Yamaha - enemies of synthsis!

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Re: Yamaha - enemies of synthsis!

Post by redchapterjubilee » Wed Oct 21, 2009 7:50 pm

I never knew the diversity of sound one could conjur with FM until I bought FM7. Since then I've become a convert. I've also downloaded probably thousands of DX series presets and use those to deconstruct the programming process. Why would Yamaha make another hardware FM when FM7/FM8 pretty much makes it moot? I know the older synths have the benefit of lower fidelity D/A converters and that sets them apart but...for pure FM I'd rather have FM7.
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Re: Yamaha - enemies of synthsis!

Post by MarcinP78 » Wed Oct 21, 2009 8:04 pm

[edit] Double post.
Last edited by MarcinP78 on Wed Oct 21, 2009 9:57 pm, edited 1 time in total.

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Re: Yamaha - enemies of synthsis!

Post by MarcinP78 » Wed Oct 21, 2009 8:07 pm

I don't care what anyone says about the DX7, in my opinion it's one of the most amazing sounding Synths ever produced. And if you put in lots of time like i now have it is not all that bad to program.
=D> I second that.

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Re: Yamaha - enemies of synthsis!

Post by Pro5 » Wed Oct 21, 2009 8:23 pm

SY77 in 'FM' (or AFM mode to be precise) sounds sublime. Before that I had lots of interesting sonic adventures with the DX7 II-D (through effects!) that my other synths couldn't begin to do.

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Re: Yamaha - enemies of synthsis!

Post by MarcinP78 » Wed Oct 21, 2009 10:13 pm

Why would Yamaha make another hardware FM when FM7/FM8 pretty much makes it moot? I know the older synths have the benefit of lower fidelity D/A converters and that sets them apart
Is there any reason you think keyboard players should be deprived of their FM keyboards just because someone wrote a computer programme that generates similar sounds?

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Re: Yamaha - enemies of synthsis!

Post by CS_TBL » Wed Oct 21, 2009 10:47 pm

The future is modularity. Computers are already as modular as they can be (you can handpick the CPU, RAM, videocard, HD, soundcard, monitor, keyboard, mouse, case etc.) Musical equipment is next. Rather than a company coming up with a complete solution, I rather expect companies to specialize in something and together it'd work together. So, you'd handpick your favorite masterkeyboard (complete with 132083 controllers), you pick your favorite plugin-player, and you pick your favorite plugin. Together they're the ideal keyboard.

Best of all worlds I'd say.. In fact, it may just be that if these companies focus on just one element, they may make more money. 'Specializing', as promoted by economist David Ricardo.. ^_^
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Re: Yamaha - enemies of synthsis!

Post by aeon » Wed Oct 21, 2009 11:33 pm

I had a SY99, and while I loved the sound of that thing, I am so glad that I now have the FS1R instead. (more a reflection of my tastes than the units themselves, both of them so powerful).

Yamaha, enemies of synthesis? Hardly!


cheers,
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Re: Yamaha - enemies of synthsis!

Post by knolan » Thu Oct 22, 2009 12:02 am

aeon wrote:I had a SY99, and while I loved the sound of that thing, I am so glad that I now have the FS1R instead. (more a reflection of my tastes than the units themselves, both of them so powerful).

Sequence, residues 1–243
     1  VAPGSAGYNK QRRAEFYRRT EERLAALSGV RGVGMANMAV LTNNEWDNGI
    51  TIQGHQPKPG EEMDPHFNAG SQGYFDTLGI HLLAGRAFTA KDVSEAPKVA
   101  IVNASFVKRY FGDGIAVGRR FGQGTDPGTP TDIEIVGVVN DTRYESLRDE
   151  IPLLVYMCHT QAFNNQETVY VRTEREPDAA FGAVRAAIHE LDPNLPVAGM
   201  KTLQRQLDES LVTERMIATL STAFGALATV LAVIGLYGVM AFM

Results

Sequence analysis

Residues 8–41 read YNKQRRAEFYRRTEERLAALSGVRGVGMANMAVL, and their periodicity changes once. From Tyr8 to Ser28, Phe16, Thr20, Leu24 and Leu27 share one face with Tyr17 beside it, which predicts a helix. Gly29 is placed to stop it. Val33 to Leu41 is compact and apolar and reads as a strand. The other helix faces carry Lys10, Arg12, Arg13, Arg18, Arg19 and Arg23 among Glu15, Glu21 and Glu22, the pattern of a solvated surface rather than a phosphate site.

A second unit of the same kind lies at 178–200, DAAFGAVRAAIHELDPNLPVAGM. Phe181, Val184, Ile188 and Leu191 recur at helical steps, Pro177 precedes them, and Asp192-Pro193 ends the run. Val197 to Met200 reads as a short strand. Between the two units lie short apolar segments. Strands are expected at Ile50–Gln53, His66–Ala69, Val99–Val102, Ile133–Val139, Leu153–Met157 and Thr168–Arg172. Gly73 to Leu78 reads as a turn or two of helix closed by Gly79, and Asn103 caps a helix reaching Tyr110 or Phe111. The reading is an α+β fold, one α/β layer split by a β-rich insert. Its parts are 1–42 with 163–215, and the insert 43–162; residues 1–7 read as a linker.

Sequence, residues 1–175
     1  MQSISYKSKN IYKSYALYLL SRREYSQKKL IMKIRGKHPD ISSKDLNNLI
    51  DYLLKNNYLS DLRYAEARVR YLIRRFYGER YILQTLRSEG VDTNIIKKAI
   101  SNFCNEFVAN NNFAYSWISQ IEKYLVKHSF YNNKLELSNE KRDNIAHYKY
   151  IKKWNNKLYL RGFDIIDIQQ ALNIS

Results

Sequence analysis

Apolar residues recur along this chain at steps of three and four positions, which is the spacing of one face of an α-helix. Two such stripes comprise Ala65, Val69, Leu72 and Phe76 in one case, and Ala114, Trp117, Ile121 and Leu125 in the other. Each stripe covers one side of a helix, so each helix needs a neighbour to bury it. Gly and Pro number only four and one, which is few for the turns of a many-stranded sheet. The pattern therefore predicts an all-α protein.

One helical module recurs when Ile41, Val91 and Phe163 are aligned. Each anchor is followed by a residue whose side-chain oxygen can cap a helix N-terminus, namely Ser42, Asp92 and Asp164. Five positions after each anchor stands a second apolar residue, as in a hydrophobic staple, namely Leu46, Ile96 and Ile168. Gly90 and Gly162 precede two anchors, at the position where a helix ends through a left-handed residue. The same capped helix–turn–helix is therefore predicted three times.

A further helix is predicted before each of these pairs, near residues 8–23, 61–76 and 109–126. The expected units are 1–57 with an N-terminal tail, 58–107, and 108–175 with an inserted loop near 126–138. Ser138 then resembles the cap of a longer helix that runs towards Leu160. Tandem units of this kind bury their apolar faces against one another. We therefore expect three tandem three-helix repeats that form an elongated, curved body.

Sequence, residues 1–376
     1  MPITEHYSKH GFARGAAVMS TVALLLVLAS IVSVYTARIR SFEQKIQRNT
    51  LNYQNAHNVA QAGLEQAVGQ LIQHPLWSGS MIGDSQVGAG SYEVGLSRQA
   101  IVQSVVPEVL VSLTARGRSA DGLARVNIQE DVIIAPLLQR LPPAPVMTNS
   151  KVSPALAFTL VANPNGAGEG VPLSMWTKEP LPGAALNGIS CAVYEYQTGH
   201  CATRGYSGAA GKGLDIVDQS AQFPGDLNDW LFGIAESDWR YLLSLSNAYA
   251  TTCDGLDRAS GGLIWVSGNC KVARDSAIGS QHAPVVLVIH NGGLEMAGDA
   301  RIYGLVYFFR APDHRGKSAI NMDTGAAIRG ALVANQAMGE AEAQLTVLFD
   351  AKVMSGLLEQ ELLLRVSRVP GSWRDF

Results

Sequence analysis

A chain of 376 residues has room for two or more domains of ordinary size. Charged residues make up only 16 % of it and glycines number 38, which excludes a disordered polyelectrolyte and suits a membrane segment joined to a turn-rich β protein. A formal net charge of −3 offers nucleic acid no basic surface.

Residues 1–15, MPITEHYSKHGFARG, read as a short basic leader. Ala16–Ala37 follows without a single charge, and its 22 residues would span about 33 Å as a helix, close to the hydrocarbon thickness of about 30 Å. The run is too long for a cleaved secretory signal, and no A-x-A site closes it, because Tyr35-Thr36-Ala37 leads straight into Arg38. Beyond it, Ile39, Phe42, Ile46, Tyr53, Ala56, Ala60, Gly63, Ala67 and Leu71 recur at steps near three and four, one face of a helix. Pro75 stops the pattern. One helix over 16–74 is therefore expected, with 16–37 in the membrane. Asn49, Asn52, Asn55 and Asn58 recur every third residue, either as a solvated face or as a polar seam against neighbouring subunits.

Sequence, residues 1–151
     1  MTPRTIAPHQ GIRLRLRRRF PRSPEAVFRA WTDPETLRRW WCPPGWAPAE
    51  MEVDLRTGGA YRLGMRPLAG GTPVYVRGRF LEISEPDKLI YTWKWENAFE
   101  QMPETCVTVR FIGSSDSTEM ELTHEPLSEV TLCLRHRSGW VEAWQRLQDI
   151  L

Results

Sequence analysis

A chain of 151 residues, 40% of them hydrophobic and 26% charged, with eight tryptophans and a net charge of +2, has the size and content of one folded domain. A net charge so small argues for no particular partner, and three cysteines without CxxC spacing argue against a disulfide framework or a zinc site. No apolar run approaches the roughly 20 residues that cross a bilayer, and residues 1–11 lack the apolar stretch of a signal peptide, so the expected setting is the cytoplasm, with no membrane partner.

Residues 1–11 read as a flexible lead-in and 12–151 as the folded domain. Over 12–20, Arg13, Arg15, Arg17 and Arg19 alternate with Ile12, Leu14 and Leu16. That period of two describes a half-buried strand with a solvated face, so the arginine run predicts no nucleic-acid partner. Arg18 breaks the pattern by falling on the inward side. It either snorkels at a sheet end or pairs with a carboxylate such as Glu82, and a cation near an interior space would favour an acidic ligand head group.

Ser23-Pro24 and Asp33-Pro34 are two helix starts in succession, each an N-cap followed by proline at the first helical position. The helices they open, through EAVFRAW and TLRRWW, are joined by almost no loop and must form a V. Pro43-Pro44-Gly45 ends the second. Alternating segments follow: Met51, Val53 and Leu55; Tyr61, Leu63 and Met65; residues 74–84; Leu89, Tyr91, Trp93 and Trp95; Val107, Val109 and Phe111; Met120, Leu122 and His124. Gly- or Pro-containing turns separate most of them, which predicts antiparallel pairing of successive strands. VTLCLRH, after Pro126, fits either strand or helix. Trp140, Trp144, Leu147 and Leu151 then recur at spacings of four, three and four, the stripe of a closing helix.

Yamaha, enemies of synthesis? Hardly!


cheers,
Ian
I absolutely love Yamaha synthesizers and own a lot of their classics, I adore the SY99 and am sure the FS1R is amazing though I've never tried it. I also love the sound of the EX5 - 16-part ring-modulators applied subtly onto electric piano sounds and velocity sensitive - it sounds stunning. I also agree with the sentiments posted about the AN1X – it’s among the most under-rated synths of recent times.

But – the point is - while Yamaha have produced all of these stunning technologies - their last actual venture into synthesis was over 10 years ago. They have literally done nothing new in that time (and Tenori is not theirs - they bought it in). That sense of developing new paradigms in synthesis and performance is utterly gone; and at a time when they have the underlying reliable and capable technologies to deliver what were their dream machines of old in ways only dreamt of in the past. What a miserable waste.

I realise only 2000 CS80s were ever sold and so most people can never experience that instrument; but it really is THAT special. Imagine a CS80 for the 21st century with the polyphonic aftertouch on a Motif quality key bed; or multi-timbral ring-modulators from the EX5 but with the realtime control of the CS80.

The point is - 2D soft synths are a lousy pale shadow of the past (yes convenient – but with no performance dimension and sounding utterly vanilla). Rather, the actual possibilities of applying today’s technology to the synthesizer ideas and aspiration of the past would yield truly ground breaking and devastatingly good synthesizers that could leave the likes of the Nord’s standing in their wake.

And that's not even taking into consideration what new and revolutionary hardware performance instruments could be, and perhaps are being, imagined by guru's all over the world right now, all needing the sort of development capability that Yamaha can offer - after all - that's how the GS1, DX7 and DX1 and VL1 emerged - Yamaha taking ground breaking technologies from the likes of the CCRMA and delivering them as exquisite instruments.

All of that sort of innovation, experimentation and releasing of generation after generation of ground breaking instruments finished lock, stock and barrel over a decade ago - there has literally been nothing from them since 1998 that counts (please do not include Motif or the S series). I think it is largely a dark ages in synthesizer development and that we'll actually have to reach rock bottom before, for no reasons clear to us today, a new generation of instruments will emerge that will be the true successors to the CS80, DX7, Minimoog, Jupiter 8 and so on. There are interesting development such as OASYS, V-Synth-GT and probably a dozen examples that others can quote – but almost none match the possibilities that could be realised if Yamaha in particular (with all of their resources) applied themselves to the task; and almost none of today’s synthesizer developments match the pace of development of other technologies across computing, entertainment, telecommunications and so on. Yamaha are not the enemy of synthesis – there’s simply nobody left in that company who knows the first thing about synthesis to spot the difference between the drivel they are releasing today and the masterpieces they released in the past (as their recent KX and CP range reveal).